June 27th, 2015| Topic: RaMbLeS | 0


Procrastination, someone once said, has its good side. You have something to do tomorrow.

I kinda like that. Why fill today doing stuff, when I can fill tomorrow (and the day after, and the day after that, and …) doing the same stuff.

In any case, it isn’t kindly looked upon by mothers and managers and ministers. It is proclaimed an evil to be avoided or, at least, conquered.

And beating procrastination may be easier to conquer than you thought, whether it be for sermon preparation, DIY projects, “honey-do” lists, mowing your lawn, or tackling your inbox. All your good intentions go to waste, when procrastination hits. Sometimes what you put off, never gets done: your plan to learn Mandarin, or the guitar, or to travel to Bora Bora, or to cook Turkish kebabs, or to lose 30 lbs, or to keep that New Year’s resolution. Whatever. Permanently procrastinated out of your life. And it soon becomes too late.

Yup, there is a cure, apparently.

In “When Does the Future Begin? Time Metrics Matter, Connecting Present and Future Selves,” Neil Lewis and Daphna Oyserman (University of Michigan and University of S. California), pondered in Psychological Science the question:

Why do we have these imagined futures? Why is it there’s so much gap between imagining and doing?”

Triumphing over this terrorizing thief of time may simply be a matter of how the time you have to complete a task is measured.

Test subjects that thought about deadlines in terms of days left, rather than months or years left till those points, perceived the event as happening sooner.

And when we perceive events as happening sooner, we are apparently motivated to act. (As I am even as I write this: this blog needs to be posted in a matter of minutes!)

Candidates were mole likely to start saving money sooner if they were told their retirement was 10,950 days away rather than 30 years away. Said Oyserman:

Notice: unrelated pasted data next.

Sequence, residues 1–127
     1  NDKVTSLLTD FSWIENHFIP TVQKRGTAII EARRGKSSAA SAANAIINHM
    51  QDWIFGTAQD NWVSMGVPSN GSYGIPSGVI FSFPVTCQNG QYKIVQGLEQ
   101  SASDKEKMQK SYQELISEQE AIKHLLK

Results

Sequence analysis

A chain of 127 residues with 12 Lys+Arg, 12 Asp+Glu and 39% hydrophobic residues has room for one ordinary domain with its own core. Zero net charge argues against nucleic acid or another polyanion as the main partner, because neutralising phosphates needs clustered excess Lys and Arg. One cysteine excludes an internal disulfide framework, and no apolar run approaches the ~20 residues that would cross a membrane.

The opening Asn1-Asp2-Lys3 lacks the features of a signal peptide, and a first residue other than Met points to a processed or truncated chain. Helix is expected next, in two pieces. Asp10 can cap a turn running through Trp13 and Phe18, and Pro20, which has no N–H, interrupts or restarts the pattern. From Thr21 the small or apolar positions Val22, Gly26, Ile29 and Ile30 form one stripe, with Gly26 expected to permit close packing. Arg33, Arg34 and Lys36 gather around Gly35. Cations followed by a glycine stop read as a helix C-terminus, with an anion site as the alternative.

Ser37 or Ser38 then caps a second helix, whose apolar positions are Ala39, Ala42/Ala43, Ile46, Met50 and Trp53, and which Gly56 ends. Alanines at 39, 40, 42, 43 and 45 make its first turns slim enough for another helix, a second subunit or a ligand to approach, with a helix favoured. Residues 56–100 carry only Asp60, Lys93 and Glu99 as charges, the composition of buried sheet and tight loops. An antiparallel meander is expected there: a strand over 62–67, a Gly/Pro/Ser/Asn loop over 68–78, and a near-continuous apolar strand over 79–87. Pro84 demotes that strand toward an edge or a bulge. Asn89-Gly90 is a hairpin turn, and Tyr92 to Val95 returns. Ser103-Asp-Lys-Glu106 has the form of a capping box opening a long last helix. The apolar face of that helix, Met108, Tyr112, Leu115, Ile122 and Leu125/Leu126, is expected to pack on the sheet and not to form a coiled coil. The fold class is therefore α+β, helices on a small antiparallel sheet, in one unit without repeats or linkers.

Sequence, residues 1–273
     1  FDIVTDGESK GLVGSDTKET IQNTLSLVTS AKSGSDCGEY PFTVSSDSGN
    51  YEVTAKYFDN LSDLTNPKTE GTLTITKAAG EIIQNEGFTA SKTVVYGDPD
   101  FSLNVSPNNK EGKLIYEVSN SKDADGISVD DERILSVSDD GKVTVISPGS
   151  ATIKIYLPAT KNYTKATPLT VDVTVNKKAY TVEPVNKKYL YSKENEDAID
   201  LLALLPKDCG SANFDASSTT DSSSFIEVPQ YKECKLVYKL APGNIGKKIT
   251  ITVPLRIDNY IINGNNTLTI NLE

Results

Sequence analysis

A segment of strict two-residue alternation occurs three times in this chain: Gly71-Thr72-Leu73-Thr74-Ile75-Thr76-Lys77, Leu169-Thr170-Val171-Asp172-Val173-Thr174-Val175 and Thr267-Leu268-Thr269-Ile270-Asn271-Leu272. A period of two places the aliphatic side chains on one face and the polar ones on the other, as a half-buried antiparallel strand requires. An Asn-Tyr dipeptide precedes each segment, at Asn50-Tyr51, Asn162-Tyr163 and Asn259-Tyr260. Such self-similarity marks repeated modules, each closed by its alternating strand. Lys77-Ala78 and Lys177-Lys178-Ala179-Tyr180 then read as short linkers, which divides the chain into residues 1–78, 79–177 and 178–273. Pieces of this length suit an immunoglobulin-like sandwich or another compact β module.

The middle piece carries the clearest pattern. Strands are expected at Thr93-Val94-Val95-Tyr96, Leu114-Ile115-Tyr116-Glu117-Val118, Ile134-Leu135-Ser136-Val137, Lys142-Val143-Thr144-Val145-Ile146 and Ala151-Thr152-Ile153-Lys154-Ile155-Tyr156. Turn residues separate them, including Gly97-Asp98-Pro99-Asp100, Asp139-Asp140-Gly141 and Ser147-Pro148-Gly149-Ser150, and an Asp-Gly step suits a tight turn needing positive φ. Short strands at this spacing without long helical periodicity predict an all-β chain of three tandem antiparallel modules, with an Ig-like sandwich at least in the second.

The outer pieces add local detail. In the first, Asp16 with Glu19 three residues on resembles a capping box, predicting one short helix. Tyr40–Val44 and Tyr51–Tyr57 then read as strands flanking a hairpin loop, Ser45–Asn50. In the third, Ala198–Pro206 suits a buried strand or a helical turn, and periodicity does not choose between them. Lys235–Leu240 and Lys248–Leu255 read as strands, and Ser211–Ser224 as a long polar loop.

Even when it’s a lot of days—6,000, 9,000, 14,000 days away—people focus on the unit, not the number.”

So bottom line: convert far-off deadlines into “fine-grained time metrics” (“days”) rather than “gross-grained metrics” (“years”). This, apparently makes one feel connected to one’s future self. Oyserman again:

Thinking in days makes you feel more connected to your future self. It makes it not feel like it’s this weird other person. It feels like it is you.”

The Bible had it right all along:

So teach us to number our days,
That we may present to You a heart of wisdom.
Psalm 90:12

Life is short.

You turn man back into dust
And say, “Return, O children of men.”
Psalm 90:3

Deadlines loom.

You have swept them away like a flood, they fall asleep;
In the morning they are like grass which sprouts anew.
In the morning it flourishes and sprouts anew;
Toward evening it fades and withers away.
Psalm 90:5–6

The transience of life, like a vapor, a breath …

For all our days have declined in Your fury;
We have finished our years like a sigh.
Psalm 90:9

Short indeed.

As for the days of our life, they contain seventy years,
Or if due to strength, eighty years,
Yet their pride is but labor and sorrow;
For soon it is gone and we fly away.
Psalm 90:10

So don’t procrastinate.

So teach us to number our days,
That we may present to You a heart of wisdom.
Psalm 90:12

And be happy!

O satisfy us in the morning with Your lovingkindness,
That we may sing for joy and be glad all our days.
Psalm 90:14

OK, I’m gonna stop procrastinating tomorrow.

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